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Wednesday, 5 December 1973
Page: 4287

Mr STEWART (Lang) (Minister for Tourism and Recreation and Vice-President of the Executive Council) - by leave - The document I am about to table will, I believe, make a significant contribution to finding the most appropriate training program for recreation workers. Throughout Australia, educational institutions are wondering how to provide the expert leadership which, in the 1980s, will guide the community to a greater appreciation of and creative involvement in leisure. In preparing this paper Mr Elery Hamilton-Smith has had the assistance of many individuals from educational institutions and recreation administration. The names of the people are listed in the paper and I wish to record my sincere thanks for their contributions to the study.

Mr Hamilton Smithhas done a fine job and at a later date, after consideration of his findings and consultation with my colleagues, the Australian Government's program and policy on education for recreation workers will be announced. I propose to table the document now to enable honourable members and the public to read it and to express any views they may have on the subject, which has far reaching implications for the ultimate success of the Government's plans for the enrichment of the growing leisure hours of all Australians.

I shall give honourable members a very brief rundown on the report. Mr HamiltonSmith identifies a requirement for 3 basic types of recreation workers. Firstly, he deals with people responsible for administration, planning, consultation training, program development and resources provision to other workers or other activities at national, state, regional or municipal level. Positions for these kinds of workers are found in a variety of governmental agencies as well as many nongovernmental organisations. Secondly, there are those workers more directly concerned with the management and operation of a recreation and sporting facility. These workers would be involved in the management and operation of single or multipurpose sports centres, youth centres, swimming centres, urban or national parks and commercial establishments such as health and fitness centres.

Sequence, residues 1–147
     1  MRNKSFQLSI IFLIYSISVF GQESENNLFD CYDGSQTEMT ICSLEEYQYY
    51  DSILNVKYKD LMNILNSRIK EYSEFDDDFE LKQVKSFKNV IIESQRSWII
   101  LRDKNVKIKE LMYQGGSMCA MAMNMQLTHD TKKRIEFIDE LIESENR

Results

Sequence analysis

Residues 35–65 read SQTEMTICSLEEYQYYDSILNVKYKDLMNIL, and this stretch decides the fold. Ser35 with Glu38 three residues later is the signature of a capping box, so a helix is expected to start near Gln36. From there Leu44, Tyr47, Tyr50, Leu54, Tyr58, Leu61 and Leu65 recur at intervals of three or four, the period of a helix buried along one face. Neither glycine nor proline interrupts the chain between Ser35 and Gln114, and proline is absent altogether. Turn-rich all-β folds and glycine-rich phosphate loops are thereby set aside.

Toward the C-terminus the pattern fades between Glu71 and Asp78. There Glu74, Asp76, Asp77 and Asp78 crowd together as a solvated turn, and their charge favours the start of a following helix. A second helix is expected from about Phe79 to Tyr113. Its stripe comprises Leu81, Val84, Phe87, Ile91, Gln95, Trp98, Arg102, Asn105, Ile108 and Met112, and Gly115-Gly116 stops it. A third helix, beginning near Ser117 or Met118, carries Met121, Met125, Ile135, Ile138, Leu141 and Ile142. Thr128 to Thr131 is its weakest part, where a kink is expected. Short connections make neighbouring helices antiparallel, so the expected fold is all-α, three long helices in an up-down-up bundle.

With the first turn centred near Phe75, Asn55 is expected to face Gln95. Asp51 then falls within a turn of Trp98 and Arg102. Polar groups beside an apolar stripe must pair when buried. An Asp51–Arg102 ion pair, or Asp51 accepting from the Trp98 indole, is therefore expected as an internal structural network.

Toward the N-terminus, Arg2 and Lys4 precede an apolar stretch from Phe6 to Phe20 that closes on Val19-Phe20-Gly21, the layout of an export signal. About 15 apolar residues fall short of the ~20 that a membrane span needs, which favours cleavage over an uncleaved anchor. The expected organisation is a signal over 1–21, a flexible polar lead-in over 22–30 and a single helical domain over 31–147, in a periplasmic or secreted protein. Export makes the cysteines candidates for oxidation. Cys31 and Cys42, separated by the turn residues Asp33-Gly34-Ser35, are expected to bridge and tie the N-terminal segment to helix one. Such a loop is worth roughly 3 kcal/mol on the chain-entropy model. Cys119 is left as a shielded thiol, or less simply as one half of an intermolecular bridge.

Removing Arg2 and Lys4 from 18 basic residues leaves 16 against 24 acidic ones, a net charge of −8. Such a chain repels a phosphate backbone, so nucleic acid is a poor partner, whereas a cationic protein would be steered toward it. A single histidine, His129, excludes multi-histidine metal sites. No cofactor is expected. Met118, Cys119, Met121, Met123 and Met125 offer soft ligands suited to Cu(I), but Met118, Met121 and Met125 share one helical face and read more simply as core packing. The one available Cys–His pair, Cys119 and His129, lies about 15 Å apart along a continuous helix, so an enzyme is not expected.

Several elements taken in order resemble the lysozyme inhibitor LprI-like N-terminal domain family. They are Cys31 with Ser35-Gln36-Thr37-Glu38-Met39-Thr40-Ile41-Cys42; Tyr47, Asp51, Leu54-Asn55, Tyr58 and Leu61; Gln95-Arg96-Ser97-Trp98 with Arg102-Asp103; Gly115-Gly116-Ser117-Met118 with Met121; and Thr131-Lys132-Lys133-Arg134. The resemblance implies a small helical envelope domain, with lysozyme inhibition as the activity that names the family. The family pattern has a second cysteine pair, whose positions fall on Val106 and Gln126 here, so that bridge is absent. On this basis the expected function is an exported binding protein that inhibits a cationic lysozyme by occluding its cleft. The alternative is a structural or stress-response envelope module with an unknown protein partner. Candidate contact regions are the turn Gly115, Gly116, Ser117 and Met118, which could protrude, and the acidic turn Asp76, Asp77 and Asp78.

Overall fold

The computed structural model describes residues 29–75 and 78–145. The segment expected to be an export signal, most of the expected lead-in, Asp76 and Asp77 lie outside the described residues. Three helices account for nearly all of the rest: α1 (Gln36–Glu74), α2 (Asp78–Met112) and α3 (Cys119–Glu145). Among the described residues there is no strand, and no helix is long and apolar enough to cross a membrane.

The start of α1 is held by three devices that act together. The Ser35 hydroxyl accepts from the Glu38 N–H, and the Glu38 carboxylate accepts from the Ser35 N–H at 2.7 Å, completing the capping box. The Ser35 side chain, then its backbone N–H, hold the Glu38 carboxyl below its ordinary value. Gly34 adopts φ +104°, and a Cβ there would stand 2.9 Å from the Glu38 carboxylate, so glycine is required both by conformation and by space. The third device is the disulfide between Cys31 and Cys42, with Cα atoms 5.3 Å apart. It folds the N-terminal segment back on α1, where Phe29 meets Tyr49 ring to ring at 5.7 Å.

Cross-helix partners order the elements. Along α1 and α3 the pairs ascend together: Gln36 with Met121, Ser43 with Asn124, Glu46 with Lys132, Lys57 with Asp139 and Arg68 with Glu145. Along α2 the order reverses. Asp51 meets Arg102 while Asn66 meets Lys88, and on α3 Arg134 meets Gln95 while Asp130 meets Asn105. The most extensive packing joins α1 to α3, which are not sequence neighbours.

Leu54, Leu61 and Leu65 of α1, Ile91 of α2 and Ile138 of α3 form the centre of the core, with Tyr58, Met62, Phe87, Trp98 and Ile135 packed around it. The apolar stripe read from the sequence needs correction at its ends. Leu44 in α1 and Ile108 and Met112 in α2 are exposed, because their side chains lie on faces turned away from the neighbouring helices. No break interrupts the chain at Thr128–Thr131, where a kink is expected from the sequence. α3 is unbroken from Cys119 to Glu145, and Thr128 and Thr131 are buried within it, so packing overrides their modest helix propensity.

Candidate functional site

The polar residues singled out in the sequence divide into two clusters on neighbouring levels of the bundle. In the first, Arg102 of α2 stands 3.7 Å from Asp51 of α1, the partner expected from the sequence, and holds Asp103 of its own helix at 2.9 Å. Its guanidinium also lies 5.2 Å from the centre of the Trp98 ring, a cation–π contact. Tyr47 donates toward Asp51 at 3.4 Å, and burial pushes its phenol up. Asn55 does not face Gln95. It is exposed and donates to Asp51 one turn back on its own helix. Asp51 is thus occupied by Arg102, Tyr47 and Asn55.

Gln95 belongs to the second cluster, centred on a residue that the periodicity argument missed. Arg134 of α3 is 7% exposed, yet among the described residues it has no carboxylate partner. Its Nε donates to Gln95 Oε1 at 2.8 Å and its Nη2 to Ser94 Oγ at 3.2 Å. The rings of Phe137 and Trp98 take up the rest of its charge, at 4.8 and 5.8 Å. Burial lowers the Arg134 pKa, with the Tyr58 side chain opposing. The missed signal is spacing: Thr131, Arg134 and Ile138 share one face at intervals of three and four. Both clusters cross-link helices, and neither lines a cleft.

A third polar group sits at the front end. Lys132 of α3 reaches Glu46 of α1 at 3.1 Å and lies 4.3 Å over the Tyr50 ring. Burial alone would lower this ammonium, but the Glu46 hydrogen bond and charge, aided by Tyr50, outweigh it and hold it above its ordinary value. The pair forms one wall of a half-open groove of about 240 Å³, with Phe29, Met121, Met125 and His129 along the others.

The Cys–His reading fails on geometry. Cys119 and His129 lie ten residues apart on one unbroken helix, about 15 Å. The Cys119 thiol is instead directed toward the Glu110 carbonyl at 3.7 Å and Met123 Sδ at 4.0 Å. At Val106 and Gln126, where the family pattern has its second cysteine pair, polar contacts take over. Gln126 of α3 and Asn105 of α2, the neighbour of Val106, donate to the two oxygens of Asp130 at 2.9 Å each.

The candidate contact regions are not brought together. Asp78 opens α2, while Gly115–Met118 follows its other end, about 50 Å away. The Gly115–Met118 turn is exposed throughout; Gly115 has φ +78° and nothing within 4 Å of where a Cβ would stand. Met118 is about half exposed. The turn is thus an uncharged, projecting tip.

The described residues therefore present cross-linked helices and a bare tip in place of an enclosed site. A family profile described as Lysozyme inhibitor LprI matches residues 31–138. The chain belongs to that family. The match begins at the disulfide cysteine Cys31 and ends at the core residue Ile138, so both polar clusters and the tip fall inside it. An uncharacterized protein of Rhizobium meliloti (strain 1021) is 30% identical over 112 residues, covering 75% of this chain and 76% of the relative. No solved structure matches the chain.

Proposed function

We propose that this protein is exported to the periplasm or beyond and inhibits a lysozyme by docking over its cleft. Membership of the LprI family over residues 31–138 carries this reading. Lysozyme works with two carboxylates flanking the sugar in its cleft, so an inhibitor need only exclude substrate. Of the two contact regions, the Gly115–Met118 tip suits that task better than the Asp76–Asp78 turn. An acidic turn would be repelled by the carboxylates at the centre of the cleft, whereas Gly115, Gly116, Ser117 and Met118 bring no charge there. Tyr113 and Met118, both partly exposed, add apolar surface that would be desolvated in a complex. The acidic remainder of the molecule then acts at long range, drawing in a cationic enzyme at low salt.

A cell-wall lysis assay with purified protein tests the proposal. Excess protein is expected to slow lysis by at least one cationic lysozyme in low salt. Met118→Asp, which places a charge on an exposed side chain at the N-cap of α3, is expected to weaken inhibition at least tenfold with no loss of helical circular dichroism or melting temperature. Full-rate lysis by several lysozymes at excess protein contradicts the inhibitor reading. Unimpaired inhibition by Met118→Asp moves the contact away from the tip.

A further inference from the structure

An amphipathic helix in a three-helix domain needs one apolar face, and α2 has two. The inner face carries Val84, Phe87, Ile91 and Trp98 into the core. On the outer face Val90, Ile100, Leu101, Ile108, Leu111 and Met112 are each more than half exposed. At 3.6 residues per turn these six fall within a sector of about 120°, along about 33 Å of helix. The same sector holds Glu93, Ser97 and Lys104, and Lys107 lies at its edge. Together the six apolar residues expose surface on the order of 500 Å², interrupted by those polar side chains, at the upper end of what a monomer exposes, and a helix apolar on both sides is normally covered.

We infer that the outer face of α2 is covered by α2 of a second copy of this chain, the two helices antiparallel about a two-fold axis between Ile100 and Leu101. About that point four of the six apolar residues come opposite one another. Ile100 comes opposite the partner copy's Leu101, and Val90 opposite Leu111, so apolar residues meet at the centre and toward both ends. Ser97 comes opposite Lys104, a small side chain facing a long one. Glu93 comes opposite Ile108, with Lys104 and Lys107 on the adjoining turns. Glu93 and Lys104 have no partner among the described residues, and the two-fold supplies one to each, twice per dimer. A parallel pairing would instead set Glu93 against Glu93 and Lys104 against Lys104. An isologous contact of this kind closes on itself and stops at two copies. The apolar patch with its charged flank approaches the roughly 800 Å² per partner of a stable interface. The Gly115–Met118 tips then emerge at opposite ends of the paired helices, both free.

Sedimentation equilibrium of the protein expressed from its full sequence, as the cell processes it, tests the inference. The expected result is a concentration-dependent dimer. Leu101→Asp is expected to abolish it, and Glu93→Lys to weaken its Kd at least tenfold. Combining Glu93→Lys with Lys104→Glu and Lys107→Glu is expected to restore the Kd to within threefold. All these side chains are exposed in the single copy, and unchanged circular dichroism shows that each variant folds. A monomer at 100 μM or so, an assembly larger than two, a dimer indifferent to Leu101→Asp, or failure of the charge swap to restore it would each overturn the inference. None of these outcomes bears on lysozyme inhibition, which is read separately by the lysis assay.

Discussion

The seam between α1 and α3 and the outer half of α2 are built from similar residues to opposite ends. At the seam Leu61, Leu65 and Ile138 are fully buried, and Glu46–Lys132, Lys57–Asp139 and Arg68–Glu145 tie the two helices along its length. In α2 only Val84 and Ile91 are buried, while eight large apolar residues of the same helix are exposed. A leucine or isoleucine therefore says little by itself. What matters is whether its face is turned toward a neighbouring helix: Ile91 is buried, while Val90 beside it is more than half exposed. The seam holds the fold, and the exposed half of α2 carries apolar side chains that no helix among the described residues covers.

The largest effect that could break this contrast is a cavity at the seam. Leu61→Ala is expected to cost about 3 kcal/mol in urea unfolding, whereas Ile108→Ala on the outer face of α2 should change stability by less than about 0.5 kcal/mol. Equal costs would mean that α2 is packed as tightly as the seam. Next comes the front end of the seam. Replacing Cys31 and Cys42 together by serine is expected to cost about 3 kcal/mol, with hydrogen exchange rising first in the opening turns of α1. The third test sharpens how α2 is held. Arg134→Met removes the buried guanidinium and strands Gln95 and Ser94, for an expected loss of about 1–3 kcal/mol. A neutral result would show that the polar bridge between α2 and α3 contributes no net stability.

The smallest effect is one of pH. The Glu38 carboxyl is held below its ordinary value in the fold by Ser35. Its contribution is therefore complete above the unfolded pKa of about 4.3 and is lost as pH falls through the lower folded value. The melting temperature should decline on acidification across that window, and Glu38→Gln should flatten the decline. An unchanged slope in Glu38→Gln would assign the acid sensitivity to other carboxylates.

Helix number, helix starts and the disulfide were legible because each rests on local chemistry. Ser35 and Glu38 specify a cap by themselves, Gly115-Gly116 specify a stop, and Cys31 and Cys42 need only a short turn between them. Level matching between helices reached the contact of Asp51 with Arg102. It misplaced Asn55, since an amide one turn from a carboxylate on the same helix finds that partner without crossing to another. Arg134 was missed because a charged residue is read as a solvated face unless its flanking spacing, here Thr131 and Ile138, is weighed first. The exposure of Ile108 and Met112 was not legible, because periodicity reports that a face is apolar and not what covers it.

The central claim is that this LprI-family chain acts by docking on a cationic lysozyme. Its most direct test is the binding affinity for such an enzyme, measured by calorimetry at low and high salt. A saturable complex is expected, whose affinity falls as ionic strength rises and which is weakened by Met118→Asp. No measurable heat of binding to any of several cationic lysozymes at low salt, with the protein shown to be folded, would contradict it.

Lastly, there are recreational workers whose primary job is the face to face 'operative' task whether as a youth leader, a sports coach, a ski instructor, a drama producer or any of the hundreds of different tasks at this level. Mr Hamilton-Smith suggests that professional education should be established at the diploma and bachelor level, in school of recreation studies at universities, colleges of advanced education and teachers colleges. For facility managers, he suggests associate diploma or technical certificate level and for his third type, intense job oriented courses. Mr Hamilton-Smith also stresses the importance of voluntary workers and the need to foster this important group in Australian recreation. These volunteers, the report says, are the key to any large-scale recreation scheme in any country. He then goes on to make recommendations on how the Australian Government can facilitate training.

Our Government is firmly committed to facing the issues involved in planning opportunities for a more creative use of leisure time. Our program so far has introduced many new initiatives. They cover capital assistance for the development of recreation facilities to assistance to sporting teams and research and information dissemination. This creative use of leisure is an issue of which Governments are aware. We can meet the challenge if we begin now to plan towards the time when, early retirement, shorter working hours and longer vacations will be a reality. The universities, colleges of advanced education and technical colleges have sensed the need for trained leadership and I believe this document, with its many positive recommendations, is timely in that it helps to paint a clearer picture of training requirements for recreation workers. I table the report.

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